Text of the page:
Herbalife to Nominate Three More Icahn Representatives to Board

Icahn, whose entities own 16.8 percent of Herbalife's outstanding shares, already has two representatives on Herbalife's board: Jonathan Christodoro and Keith Cozza.

LOS ANGELES—The billionaire investor Carl C. Icahn is going to have an even greater say in Herbalife, Ltd., the marketer of nutrition and weight-management products.   

Herbalife today announced an agreement to nominate three representatives affiliated with Icahn to join its board of directors, Hunter C. Gary, Jesse A. Lynn and James L. Nelson. Icahn, whose entities own 16.8 percent of Herbalife's outstanding shares, already has two representatives on Herbalife's board: Jonathan Christodoro and Keith Cozza.

If Gary, Lynn and Nelson are elected, 38 percent of Herbalife's board will represent Icahn entities.

Herbalife said its board will remain at 13 members because two board members, Carole Black (former president and CEO of Lifetime Entertainment Services) and Michael Levitt (chairman and CEO of Stone Tower Capital LLC) are nearing the end of their three-year terms while another board member, Colombe Nicholas (a consultant to Financo Global Consulting), intends to resign.

Herbalife plans to nominate the Icahn representatives during its shareholders meeting on April 29. Icahn has the right to increase his ownership stake in Herbalife to 25 percent of the company's outstanding shares, according to Herbalife.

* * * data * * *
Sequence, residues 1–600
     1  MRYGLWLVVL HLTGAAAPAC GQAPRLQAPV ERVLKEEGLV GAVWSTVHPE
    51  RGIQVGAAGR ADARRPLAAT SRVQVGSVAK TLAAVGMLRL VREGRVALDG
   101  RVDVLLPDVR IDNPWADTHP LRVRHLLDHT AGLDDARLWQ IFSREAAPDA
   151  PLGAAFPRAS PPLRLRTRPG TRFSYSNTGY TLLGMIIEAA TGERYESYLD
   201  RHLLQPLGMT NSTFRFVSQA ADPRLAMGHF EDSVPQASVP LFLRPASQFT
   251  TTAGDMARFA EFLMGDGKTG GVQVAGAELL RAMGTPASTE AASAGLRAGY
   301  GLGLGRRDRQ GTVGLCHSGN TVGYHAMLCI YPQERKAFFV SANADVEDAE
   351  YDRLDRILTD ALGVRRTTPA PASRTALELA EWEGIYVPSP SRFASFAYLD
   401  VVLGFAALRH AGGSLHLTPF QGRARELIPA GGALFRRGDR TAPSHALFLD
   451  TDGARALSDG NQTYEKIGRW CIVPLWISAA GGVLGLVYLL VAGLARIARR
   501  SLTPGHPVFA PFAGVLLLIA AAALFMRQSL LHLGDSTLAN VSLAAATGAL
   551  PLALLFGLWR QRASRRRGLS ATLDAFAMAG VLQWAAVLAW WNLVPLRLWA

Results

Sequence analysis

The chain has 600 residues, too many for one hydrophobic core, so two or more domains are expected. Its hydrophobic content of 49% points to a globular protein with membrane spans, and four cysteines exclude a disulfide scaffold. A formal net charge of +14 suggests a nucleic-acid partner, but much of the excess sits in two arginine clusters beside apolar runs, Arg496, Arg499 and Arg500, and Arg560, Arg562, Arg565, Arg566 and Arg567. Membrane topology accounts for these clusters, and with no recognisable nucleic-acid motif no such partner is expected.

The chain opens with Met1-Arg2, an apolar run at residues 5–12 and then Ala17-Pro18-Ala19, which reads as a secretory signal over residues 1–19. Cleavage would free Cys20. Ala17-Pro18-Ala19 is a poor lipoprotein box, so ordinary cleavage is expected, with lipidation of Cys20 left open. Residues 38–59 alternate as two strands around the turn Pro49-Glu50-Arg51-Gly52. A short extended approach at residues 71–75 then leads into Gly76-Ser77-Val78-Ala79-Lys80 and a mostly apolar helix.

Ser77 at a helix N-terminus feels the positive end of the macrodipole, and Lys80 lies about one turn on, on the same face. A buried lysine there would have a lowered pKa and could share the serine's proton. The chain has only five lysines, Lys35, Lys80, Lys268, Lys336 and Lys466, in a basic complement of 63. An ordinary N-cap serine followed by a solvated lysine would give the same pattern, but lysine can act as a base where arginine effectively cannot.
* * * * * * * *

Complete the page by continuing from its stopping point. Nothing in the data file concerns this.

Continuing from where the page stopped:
Icahn has defended Herbalife against allegations from another well-heeled investor, Bill Ackman, who claims the multi-level marketing company is an illegitimate pyramid scheme and has bet $1 billion against Herbalife.

"We remain resolute in our commitment to the long term success of Herbalife," Icahn said in a statement. "We continue to have confidence in its board and management team, and believe in the company's great potential.

Until just a few weeks ago, Ackman's bet against Herbalife's shares (NYSE: HLF) was a bust incurring hundreds of millions of dollars in paper losses because Herbalife's stock price had been going in the opposite direction than the activist investor had predicted: up. Over the last 52 weeks, the stock price peaked at $83.51 on Jan. 8, 2014.

Ackman's paper losses began to shrink when the FTC confirmed on March 12, 2014 that it had launched an investigation into Herbalife, issuing a civil investigative demand.

According to a March 21 article in Bloomberg News, Ackman was close to breaking even on his wager.

Shares of Herbalife were up this afternoon roughly 8 percent to $53.39. On March 11, before the FTC probe was revealed, Herbalife's shares closed at $65.39.

Hide comments

Comments

  • Allowed HTML tags: <em> <strong> <blockquote> <br> <p>

Plain text

  • No HTML tags allowed.
  • Web page addresses and e-mail addresses turn into links automatically.
  • Lines and paragraphs break automatically.
Publish